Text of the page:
Nice reference card for quick revision


Hi,

Yesterday while browsing encountered the following site

http://refcardz.dzone.com/

The site has got nice reference material written by experts.

Do check out this site !!

Bye …

Delegate, Anonymous Methods and Lambda Expressions in C#


Delegate acts as a function pointer.

We define the function to which the delegate can point to in this manner

// Delegate which will point to a method which has no parameter and returns nothing

public delegate void MySimpleDelegate();

// Delegate which will point to a method which takes string as parameter and returns string as well

public delegate string MyComplexDelegate(string message);

 

Now comes our two function to which delegates would be pointing 

public void SimpleDelegate(){

MessageBox.Show(“My Simple Delegate”);

}  

public string ComplexDelegate(string name){

MessageBox.Show(name);

return “Hi “ + name;

} 

// We have created an instance of our MySimpleDelegate

// which would be referencing SimpleDelegate function

MySimpleDelegate myD = SimpleDelegate;

// when we call the delegate it calls the method which it is pointing to

myD();

// Same thing with our MyComplexDelegate

MyComplexDelegate myAD = AnotherDelegate;

myAD(“Hello”);

 

// If we know that our function SimpleDelegate() and ComplexDelegate(string name)

// wouldn’t be called by any other code other than the delegate itself we can

// make use of anonymous method i.e. method with no name

// Here again we have done the same thing but used anonymous method

// because we aren’t going to use it anywhere else

MySimpleDelegate myD = delegate

{

MessageBox.Show(“Simple Delegate”);

};

myD();

MyComplexDelegate myAD = delegate(String name)

{

MessageBox.Show(name);

return “Hi “ + name;

};

myAD(“Hello”);

// Now let’s shorten our code further using lambda expression

// () -> no input parameter

// => -> lambda operator

// MessageBox.Show(“Simple delegate”) -> statement block

MySimpleDelegate myD = () => MessageBox.Show(“Simple delegate”);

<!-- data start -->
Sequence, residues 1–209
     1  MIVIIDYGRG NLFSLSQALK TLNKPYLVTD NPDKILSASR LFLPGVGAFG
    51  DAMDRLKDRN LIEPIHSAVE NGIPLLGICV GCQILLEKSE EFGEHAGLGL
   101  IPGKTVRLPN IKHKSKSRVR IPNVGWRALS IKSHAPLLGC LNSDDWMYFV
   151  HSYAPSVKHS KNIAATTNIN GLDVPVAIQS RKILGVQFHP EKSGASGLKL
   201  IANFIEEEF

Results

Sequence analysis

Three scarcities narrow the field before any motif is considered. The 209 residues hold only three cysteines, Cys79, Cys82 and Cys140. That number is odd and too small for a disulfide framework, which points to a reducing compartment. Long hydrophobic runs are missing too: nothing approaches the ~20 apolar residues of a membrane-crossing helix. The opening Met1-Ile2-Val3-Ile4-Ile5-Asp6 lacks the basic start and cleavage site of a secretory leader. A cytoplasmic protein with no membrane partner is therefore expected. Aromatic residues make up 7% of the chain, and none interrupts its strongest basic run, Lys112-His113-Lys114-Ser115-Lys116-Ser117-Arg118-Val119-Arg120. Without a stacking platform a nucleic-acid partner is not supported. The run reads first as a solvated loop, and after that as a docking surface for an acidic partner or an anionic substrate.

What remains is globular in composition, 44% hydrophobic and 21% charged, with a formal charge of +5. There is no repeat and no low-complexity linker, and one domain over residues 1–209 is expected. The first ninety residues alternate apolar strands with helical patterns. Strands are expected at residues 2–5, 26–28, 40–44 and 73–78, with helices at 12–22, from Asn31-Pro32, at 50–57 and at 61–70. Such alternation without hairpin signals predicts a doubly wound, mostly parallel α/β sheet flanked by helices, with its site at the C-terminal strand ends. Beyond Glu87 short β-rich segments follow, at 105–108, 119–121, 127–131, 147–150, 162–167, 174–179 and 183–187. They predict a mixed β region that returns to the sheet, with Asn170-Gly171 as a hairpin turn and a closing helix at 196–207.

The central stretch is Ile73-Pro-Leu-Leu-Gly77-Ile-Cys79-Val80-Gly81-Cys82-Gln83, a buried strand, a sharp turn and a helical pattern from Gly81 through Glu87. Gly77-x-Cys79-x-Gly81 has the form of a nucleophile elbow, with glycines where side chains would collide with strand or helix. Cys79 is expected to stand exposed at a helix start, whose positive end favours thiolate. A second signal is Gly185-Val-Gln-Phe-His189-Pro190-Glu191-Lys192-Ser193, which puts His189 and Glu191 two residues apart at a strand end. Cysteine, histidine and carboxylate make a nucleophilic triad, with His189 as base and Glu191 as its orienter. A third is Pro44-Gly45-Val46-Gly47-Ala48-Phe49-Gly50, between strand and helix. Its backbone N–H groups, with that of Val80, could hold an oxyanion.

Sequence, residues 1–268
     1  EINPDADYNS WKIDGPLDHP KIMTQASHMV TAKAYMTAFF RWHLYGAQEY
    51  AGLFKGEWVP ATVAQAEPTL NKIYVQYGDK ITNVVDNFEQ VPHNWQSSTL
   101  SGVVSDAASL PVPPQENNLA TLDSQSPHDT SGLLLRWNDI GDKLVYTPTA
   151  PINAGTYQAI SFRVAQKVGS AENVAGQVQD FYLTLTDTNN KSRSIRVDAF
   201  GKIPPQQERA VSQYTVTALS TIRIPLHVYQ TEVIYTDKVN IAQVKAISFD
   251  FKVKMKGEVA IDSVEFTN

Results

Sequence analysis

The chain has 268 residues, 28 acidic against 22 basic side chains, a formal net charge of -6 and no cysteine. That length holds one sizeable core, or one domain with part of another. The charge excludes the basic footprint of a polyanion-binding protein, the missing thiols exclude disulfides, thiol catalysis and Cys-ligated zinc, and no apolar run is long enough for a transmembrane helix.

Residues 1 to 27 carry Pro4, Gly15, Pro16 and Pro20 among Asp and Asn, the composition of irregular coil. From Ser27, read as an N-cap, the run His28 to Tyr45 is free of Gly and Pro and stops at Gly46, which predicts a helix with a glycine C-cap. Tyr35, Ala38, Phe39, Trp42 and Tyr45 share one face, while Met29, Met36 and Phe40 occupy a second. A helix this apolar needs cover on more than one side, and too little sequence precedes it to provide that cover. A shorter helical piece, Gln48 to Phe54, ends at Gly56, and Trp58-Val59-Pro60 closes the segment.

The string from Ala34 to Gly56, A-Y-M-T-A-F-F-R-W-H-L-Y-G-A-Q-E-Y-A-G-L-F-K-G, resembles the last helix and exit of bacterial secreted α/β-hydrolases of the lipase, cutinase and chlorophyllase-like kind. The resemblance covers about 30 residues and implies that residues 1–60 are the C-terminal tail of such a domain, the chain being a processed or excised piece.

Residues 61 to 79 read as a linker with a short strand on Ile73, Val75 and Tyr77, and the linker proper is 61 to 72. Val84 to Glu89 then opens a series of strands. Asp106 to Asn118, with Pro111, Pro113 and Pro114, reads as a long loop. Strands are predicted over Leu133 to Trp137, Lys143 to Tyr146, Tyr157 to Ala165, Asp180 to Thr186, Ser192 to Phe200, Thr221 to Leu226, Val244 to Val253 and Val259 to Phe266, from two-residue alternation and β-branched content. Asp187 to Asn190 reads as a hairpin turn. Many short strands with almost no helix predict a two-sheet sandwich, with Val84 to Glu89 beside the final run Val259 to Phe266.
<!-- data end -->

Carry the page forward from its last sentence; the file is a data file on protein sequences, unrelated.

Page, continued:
myD();

//(String name) -> explicitly typed parameter

MyComplexDelegate myAD = (String name) => { MessageBox.Show(name); return name; };

myAD(“Hello”);

 

Bye.

 

Using .NET Assembly (DLL) in ASP page


1. Create a Assembly file using following:
        File >> New >> Project >> Class Library >> Name = MyLibCSharp
 
2. Add a function HelloWorld. Code will look as follows:

using System;

using System.Collections.Generic;

using System.Text;

using System.Runtime.InteropServices;

namespace MyLibCsharp

{

[Guid(“FE1EB79E-3513-487e-ADFF-2B61C6CB4730”)]

[ComVisible(true)]

public class Class1

{

public String HelloWorld(String name)

{

return (“Hellow World; Welcome “ + name);

}

}

}

3. Sign the Assembly (To enable it to be used by multiple Applications):

Go to Project >> MyLibCSharp Properties >> Signing >> Sign the Assembly >> New >> Key.snk

4. Enable for COM Interop:

Go to Project >> MyLibCSharp Properties >> Build >> Output >> Check the “Register for COM interop.

5. Build the Assembly.

6. Add to GAC using “Visual Studio Command Prompt” the assembly is located in DEBUG/RELEASE folder.

gacutil -I MyLibCSharp.dll

7. Execute the following:

Regasm /tlb /codebase MyLibCSharp.dll

8. ASP code:

<%

Dim foo

set foo = Server.CreateObject(“MyLibCSharp.Class1”)

Response.Write (foo.HelloWorld(“test”))

%>

9. To unregister the assembly

Regasm /unregister MyLibCSharp.dll

10. And to remove the same from GAC (Global assembly cache)

Go to

C:\WINDOWS\assembly

find the assembly you want to remove

select it , right click it and select uninstall

Bye

 

Nice website for C# developer


Hi,
Do check out this very very useful web-site for c# developer for understanding
multi threading and it has got some wonderful tools like

QueryExpression – which has an user interface similar to query analyzer using which we can query oracle, sql server and other databases. It is also very light weight.

And
LinqPad for practicing the Linq syntax.

http://www.albahari.com/index.html

Creating custom application exception C#


Hi,

There are times when we are creating a custom class and the class needs to have it’s own application specific exception which can be thrown so that calling program can be aware of the error condition.

Say we have a class named BillingUpdate which has a condition that the billing amount should never be less than 10,000.

Say it has a function which accepts billing amount in one of it’s methods as a parameter and we need to make the user of this function aware of the condition that it can’t take billing amount less than 10000.

In this case what we can do is

create a custom class BillingException which inherits SystemException class

// creating a custom class that inherits from SystemException.
class BillingException :SystemException
{
// overloading the constructor for passing the message associated with the exception
public BillingException(string message)
: base(message)
{
}
}

Now to use this exception class we can do the following

public void GetBillingAmount(decimal billingAmount)
{
if(billingAmount < 10000M)
{
throw new BillingException(“Billing amount can’t be less than 10000”);
}
}

And the calling code can do something like this

BillingUpdate billingUpdate = new BillingUpdate();
try
{
billingUpdate.GetBillingAmount(9000M);
}
catch(
BillingException ex)
{
MessageBox.Show(ex.Message);
}

Bye